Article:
In an off-year election with relatively few decisions to make, Butler County’s turnout to vote on the November ballot could be anemic, but officials warn that important decisions must still be made in these years.
There are also no statewide issues on the ballot that historically brings voters to the polls, so November could be an “afterthought” for voters, said Miami University political science professor John Forren.
“The decisions made by our local officials are very important in determining our quality of life here in southwest Ohio,” he said. “But one of the long-standing ironies in American politics is that while our local elected officials make some very important decisions about how government affects our day-to-day lives, most of us are only vaguely aware of who serves in local office and what local government actually does for us.
“Elections for local government offices are often afterthoughts for voters who tend to be much more focused on federal races at the top of the ballot.”
Local governments have until Aug. 7 to file any tax issue, and potential candidates for office also must file petitions on that date. The Butler County Board of Election must certify all issues and candidates before they are placed on an election ballot.
“To see what a difference local government can make, just take a look around Butler County,” he said. “The decisions made by our local officials are very important in determining our quality of life here in southwest Ohio.”
For example, Forren said, elected leaders in Hamilton have been “key players” in making policies that made the city attractive to outside investors like Spooky Nook. In West Chester and Liberty townships, the Streets of West Chester and Liberty Center, respectively, “have come about in large part because of policy choices made in years past by elected officials at the township and county levels,” he said.
Odd-year, or local, elections historically will see the lowest voter turnout when there is not a popular or controversial statewide issue to draw voters to the polls. In 2013 and 2017, when there were no compelling statewide issues, Butler County voter turnout was less than 30 percent, and statewide turnout was 27 percent in 2013 and 30.3 percent in 2017.
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With nine weeks remaining for the board of elections to certify issues and candidates for office on the November ballot, here is how possible constested races in Butler County are shaping up:
HAMILTON: The race for Hamilton council is the most crowded in the county as nine people have pulled petitions to be one of the three people elected. As of Thursday, only two are certified to be on November ballot.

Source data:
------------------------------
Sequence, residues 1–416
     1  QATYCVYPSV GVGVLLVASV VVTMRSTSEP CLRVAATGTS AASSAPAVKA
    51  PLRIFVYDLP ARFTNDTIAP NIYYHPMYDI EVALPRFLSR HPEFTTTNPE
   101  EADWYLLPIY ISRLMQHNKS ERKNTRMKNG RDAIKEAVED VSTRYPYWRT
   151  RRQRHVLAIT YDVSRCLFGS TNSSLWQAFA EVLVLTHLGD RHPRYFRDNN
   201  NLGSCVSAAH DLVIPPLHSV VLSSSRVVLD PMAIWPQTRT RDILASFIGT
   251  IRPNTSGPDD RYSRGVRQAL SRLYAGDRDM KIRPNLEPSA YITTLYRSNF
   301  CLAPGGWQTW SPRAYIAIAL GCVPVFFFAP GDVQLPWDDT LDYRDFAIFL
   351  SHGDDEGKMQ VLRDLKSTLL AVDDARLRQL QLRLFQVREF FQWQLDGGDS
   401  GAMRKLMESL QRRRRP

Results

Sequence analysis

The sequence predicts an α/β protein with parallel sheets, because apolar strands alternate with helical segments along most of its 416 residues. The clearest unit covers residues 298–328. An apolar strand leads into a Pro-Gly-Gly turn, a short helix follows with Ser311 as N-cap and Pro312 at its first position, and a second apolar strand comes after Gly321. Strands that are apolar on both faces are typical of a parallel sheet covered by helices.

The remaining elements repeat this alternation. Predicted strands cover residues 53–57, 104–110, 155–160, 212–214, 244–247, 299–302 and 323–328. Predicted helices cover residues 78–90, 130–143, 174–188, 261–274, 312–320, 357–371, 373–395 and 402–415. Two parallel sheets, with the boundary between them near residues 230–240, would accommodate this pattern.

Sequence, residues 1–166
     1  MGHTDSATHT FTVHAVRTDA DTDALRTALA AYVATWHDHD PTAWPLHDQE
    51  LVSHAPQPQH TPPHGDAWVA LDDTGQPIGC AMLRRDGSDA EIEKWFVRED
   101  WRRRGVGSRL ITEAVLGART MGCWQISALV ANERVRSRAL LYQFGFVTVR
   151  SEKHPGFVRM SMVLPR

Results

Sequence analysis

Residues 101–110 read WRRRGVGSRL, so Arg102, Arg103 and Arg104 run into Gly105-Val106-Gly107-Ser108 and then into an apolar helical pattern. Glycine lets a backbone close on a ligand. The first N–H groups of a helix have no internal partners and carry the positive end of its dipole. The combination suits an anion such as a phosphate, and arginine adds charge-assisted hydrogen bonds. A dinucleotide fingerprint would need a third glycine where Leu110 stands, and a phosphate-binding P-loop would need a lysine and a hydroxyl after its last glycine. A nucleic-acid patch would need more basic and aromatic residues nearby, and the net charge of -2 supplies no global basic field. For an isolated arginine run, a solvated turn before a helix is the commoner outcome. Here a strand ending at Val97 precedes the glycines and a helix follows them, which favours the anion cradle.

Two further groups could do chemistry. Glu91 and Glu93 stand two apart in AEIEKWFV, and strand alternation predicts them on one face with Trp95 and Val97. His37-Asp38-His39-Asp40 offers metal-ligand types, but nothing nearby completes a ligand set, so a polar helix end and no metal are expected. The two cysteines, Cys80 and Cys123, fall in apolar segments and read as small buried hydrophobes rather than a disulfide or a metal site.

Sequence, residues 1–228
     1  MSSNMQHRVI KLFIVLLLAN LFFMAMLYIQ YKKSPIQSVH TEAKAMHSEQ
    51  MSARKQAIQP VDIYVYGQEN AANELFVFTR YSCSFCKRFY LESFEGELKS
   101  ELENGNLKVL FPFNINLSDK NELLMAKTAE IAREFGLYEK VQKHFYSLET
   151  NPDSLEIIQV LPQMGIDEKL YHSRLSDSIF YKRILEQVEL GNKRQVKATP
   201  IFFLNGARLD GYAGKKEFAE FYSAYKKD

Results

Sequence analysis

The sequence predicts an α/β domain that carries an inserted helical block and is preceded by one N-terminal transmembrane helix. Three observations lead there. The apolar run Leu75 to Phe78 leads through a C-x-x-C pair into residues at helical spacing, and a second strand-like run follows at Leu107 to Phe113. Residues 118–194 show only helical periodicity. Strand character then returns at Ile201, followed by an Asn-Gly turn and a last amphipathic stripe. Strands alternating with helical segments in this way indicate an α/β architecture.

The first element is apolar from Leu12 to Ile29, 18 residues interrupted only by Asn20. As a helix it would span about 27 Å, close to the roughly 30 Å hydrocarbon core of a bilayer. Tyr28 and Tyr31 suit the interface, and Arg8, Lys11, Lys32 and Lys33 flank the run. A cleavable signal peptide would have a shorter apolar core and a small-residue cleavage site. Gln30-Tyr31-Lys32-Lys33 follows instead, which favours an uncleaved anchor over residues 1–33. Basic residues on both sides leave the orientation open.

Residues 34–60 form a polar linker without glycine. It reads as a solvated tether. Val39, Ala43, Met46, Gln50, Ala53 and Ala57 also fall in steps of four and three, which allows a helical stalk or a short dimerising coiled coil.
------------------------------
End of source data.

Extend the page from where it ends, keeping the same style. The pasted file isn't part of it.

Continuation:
FAIRFIELD: Former councilman Terry Senger is certified for November’s election and will make a return to the board if he’s not challenged for the open Third Ward council seat, now held by Vice Mayor Debbie Pennington who is ineligible to seek re-election due to term limits. Second Ward Councilman Craig Keller pulled petitions, but has not yet filed. He told the Journal-News he’s “undecided right now” if he’ll file for re-election. Fairfield Parks Board member Dale Paullus, who also sits on Fairfield’s planning commission, has been certified to be on the November ballot.
FAIRFIELD TWP.: There’s a single open seat on Fairfield Twp.’s board of trustees, and Trustee Joe McAbee has been certified for a re-election bid, but Dawnitta Rae Ollis has pulled petitions. Former trustee Steve Morgan said he intends to run for election, though he hasn’t pulled petitions as of Thursday.
WEST CHESTER TWP.: West Chester Twp. Trustee Ann Becker is up for re-election, and though she hasn’t yet filed she would see a challenge from David Corfman, who ran against Becker in 2017 to fill an unexpired open seat on the board. Todd Parnell, Lakota School Board vice president, has pulled petitions to run for the seat.
OTHERS IN BUTLER COUNTY: There could be a competitive race in the village of Millville where three people have pulled petitions for the two open seats, as well as in Morgan, Reily, Ross, St. Clair townships where multiple people in those communities have pulled petitions. Each township has only one open seat for election.
Circulating petitions can be downloaded from the Butler County Board of Election’s website, and that activity will only be known when the elections office records when they are filed.
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